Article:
Cook column: Time marches on, and so will Post
I don’t know which has been more surprising, the announcement that the Post’s owner is seeking a buyer for the newspaper, or the public’s reaction to the news.
Well, yes I do.
Not that we knew this was coming, exactly. But last year the Charleston, S.C.-based company that owns the Salisbury Post sold a newspaper it owned in Bryan College Station, Texas — The Eagle. Since we work at the only other daily Evening Post Industries owns outside South Carolina, several of us in the newsroom speculated: Would the Post be next?
We’d seen many other papers change hands in the past two years. Berkshire Hathaway and Halifax have bought papers all around us. A new phase of newspaper acquisition is under way. The activities of our own company and industry trends suggested the next step would be for the Post to be sold, too.
But I put that out of my mind in the weeks after The Eagle’s sale. We had events to cover, stories to write, issues to explore — too many things to think about, sometimes. So we were distracted from the ownership issue.
That is, until last Tuesday when we learned the Post and its sister weeklies in Mocksville and Clemmons are being offered for sale. The news was a little unsettling. Change is coming. (And, no, I don’t know what the asking price is.)
We’ve been through this before, but some people in the community may not be aware of that. They see “seeking a buyer” as a death knell, as if the Post is on the verge of shutting down. We survived after the Hurley family sold the paper in 1997, and the paper will go on after EPI completes this sale some time next year.
For a day or so I ran through best-case and worst-case scenarios in my head. Now we’re all turning our attention to the stories and events we have coming up.
What matters most to readers is what’s in the paper, not who owns it. So here are a few things to look for in the near future:
Elections. Municipal elections are just a little over a week away, on Tuesday, Nov. 5. Between now and then, we’ll publish stories on the candidates and issues in all 10 municipal races in Rowan County to help voters make informed choices.
We’re not sure of the exact order, but we plan to cover everything from China Grove to Spencer. The last story in the series will be on the Salisbury City Council race, and it will be published next Sunday, Nov. 3.
Before that, Salisbury voters should plan to attend the forum at 6 p.m. Tuesday for City Council candidates at the Crystal Lounge on the campus of Catawba College. The moderator will be Dr. Michael Bitzer, professor of political science and history at Catawba College and writer of “The Party Line” political blog at www.wfae.org.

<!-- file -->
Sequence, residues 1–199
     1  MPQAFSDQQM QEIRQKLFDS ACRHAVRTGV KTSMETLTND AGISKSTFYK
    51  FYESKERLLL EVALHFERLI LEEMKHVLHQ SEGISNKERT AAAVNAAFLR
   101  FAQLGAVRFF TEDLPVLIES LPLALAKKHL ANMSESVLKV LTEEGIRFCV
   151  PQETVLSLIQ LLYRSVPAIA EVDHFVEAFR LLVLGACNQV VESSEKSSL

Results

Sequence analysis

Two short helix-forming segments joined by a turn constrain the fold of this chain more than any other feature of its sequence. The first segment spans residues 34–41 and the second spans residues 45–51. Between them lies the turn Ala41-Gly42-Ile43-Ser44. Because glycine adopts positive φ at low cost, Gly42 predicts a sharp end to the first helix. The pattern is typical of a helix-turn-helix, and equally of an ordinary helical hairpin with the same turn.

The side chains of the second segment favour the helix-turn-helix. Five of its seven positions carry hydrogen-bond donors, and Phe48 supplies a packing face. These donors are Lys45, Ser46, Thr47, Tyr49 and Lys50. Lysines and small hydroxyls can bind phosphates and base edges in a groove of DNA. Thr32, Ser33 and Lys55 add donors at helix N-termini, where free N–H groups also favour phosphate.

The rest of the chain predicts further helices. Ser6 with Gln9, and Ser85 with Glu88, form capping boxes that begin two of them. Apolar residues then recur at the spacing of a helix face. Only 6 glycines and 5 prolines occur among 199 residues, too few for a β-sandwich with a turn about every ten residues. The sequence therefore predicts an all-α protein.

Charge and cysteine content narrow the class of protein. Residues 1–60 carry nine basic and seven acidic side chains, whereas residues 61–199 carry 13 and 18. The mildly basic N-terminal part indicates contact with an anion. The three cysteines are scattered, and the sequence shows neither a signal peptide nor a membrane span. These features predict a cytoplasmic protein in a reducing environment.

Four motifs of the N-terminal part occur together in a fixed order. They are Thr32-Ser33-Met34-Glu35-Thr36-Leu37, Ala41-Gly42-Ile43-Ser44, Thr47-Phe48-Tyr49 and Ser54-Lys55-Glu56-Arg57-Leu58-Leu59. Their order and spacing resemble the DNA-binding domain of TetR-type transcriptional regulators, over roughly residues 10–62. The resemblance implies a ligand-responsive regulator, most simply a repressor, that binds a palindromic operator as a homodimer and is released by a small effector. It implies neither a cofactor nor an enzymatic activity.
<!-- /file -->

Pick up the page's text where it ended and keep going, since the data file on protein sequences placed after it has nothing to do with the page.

Readers of the Salisbury Post have submitted several questions. We’re co-sponsoring the forum with the Rowan County Chamber of Commerce and Catawba. You can still email questions to me at email@example.com and/or send them directly to firstname.lastname@example.org.
Election Day is Nov. 5. We’ll post results on our website that evening and have a complete report in the paper the next day.
Honoring veterans. Columnist Mark Wineka has a series of stories coming up that you won’t want to miss.
Post Publisher Greg Anderson found a treasure when he helped clean out his late mother’s house — hundreds of letters his father wrote home during World War II. He chronicled his experiences in Europe day by day — weaving a story of courage, perseverance and longing for home. Mark’s series on the letters begins Sunday, Nov. 10 — right before Veterans Day.
Letters from Home. Once again, we’re asking for the names and addresses of local men and women who will be away from home in the armed services at Christmas. We’ll share the list with Post readers so they can send them Christmas greetings along with thanks for serving our country. Please send your service person’s name, address, photo and information about his or her experience to email@example.com.
Christmas Happiness. Thousands of children in Rowan County might find no gifts under the tree on Christmas without your help. As we have done every year since 1952, the Post will begin accepting donations to Christmas Happiness in a few weeks and list every one of them in the paper. A few checks have already come in. We’ll give the money to the Salvation Army, which will distribute the donations to qualifying families in the form of vouchers to buy things for their children. We ask you to help us meet this need again.
Elizabeth Cook is editor of the Salisbury Post.